• +1

      Tiny TINY footprint, and perfect for someone who doesn’t need to do anything other than view PDF’s. Even more-so when you’re using Chrome and want a program that can handle PDF’s outside of the browser.

  • I find the pdf format is usefull but also brings a lot of headache with it when working in the printing industry. 90% out of 100 they are always
    supplied wrongly.

    Also, what is it these days with employers asking for your CV in pdf and rejecting a good oldfashioned word or text based documents?
    Today, if your cv is not in pdf you don’t even get a job. I think this a load of nonsense.

    Anyhow thats a gr8 list of progs

    • “Today, if your cv is not in pdf you don’t even get a job. I think this a load of nonsense.”

      If you can’t be arsed providing a CV in the format the prospective employer asks for then you don’t deserve the job. PDF files are creatable on all OSs for free. Word is a proprietary format that requires an expensive application.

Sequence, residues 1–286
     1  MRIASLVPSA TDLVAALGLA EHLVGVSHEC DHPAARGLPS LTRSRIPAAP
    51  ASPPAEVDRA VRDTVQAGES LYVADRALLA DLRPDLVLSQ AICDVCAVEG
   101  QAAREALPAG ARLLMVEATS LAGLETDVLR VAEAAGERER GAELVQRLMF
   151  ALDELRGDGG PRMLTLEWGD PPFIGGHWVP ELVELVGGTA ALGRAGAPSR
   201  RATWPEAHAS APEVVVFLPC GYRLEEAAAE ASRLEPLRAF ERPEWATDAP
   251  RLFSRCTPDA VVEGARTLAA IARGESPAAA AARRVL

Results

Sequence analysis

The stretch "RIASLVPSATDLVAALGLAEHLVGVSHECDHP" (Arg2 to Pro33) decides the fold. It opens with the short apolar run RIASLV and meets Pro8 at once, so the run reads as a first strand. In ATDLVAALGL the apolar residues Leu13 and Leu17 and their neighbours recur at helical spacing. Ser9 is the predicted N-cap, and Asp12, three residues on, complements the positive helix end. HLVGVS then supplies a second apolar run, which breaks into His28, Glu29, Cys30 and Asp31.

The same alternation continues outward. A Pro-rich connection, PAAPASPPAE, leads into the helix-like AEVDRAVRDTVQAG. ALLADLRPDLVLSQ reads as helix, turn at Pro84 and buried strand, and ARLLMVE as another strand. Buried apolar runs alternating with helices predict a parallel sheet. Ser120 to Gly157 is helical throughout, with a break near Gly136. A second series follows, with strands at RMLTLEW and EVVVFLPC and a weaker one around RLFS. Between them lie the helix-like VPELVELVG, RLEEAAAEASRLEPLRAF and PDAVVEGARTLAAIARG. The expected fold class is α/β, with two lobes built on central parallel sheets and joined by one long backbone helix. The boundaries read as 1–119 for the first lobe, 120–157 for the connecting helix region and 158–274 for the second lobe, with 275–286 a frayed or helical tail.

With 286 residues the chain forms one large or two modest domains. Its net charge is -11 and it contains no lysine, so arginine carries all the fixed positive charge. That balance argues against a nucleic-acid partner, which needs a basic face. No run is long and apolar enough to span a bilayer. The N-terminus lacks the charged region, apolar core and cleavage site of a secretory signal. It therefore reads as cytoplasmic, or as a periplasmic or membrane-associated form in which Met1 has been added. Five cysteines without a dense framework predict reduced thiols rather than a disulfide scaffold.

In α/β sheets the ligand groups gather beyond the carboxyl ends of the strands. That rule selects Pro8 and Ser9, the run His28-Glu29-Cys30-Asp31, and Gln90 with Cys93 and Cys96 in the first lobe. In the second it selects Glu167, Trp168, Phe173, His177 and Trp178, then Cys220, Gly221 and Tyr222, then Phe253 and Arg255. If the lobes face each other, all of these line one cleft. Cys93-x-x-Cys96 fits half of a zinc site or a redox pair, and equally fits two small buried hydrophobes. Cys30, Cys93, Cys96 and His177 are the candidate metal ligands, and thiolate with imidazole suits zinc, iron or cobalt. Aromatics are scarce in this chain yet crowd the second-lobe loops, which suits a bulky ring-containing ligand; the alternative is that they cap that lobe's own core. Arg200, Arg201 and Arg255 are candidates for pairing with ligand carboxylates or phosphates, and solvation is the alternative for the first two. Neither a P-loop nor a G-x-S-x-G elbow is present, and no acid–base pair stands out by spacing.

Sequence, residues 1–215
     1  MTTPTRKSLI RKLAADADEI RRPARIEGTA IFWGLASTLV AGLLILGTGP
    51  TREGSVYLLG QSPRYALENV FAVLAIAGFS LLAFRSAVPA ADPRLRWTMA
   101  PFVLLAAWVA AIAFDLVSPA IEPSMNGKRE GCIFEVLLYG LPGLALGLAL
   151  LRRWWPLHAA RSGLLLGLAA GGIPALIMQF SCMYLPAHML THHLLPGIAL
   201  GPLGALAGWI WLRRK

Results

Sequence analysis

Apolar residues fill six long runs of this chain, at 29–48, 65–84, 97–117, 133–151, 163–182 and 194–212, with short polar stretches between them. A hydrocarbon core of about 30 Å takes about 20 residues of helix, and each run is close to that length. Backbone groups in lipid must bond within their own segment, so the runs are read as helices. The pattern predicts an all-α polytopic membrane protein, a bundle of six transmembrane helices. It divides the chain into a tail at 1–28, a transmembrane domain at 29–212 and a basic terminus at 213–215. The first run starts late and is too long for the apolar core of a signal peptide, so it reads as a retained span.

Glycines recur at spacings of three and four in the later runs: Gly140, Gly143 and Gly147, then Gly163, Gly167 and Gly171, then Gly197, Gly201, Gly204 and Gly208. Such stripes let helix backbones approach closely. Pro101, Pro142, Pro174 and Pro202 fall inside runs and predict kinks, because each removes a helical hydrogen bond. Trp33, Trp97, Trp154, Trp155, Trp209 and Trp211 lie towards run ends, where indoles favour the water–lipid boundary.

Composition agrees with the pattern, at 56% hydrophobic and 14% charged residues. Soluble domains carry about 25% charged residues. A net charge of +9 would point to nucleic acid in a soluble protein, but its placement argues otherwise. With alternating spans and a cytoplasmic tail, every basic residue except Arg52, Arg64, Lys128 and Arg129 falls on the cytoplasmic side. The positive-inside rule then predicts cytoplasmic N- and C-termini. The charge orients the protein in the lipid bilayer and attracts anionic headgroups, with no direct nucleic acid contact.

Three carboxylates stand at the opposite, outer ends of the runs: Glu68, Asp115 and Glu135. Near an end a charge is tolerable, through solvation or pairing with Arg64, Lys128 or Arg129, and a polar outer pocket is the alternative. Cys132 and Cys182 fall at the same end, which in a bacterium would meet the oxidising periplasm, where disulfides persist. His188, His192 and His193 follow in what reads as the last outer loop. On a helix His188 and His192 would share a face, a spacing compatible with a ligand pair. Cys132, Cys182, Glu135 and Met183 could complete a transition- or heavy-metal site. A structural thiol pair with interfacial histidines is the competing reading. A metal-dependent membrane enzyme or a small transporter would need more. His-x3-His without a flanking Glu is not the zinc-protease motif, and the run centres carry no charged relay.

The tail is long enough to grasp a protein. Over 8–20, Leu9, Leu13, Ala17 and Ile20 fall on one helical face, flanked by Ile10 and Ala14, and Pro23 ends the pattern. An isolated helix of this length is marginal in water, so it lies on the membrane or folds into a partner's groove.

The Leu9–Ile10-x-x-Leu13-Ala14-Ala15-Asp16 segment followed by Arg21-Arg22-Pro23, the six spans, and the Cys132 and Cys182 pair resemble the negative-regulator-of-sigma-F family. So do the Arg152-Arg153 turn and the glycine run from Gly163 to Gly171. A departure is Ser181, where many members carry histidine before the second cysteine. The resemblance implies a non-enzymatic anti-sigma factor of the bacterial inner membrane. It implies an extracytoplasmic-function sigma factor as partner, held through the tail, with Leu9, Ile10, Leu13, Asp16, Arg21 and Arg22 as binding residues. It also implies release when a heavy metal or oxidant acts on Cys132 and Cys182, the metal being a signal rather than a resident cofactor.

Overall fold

• O no that’s not the case at all Graeme.
        I was actually totally arsed, and made my CV in pdf and would definatly make a pdf if the employers
        asks it.

        Thanks for your concern anyway, remind me
        never to say anything when you are lurking around.

        • I don’t think he was responding to you directly , rather making the point that if you don’t want to follow a prospective employee’s requests (regardless of the nonsense it might be) then you don’t fit the needs of the job. And he’s right, word documents are a pain in the arse to open and read etc, whereas pdfs are heavenly in comparison. Trust me, it’s no fun reading through hundreds of pages of specifications with green and red squiggles everywhere.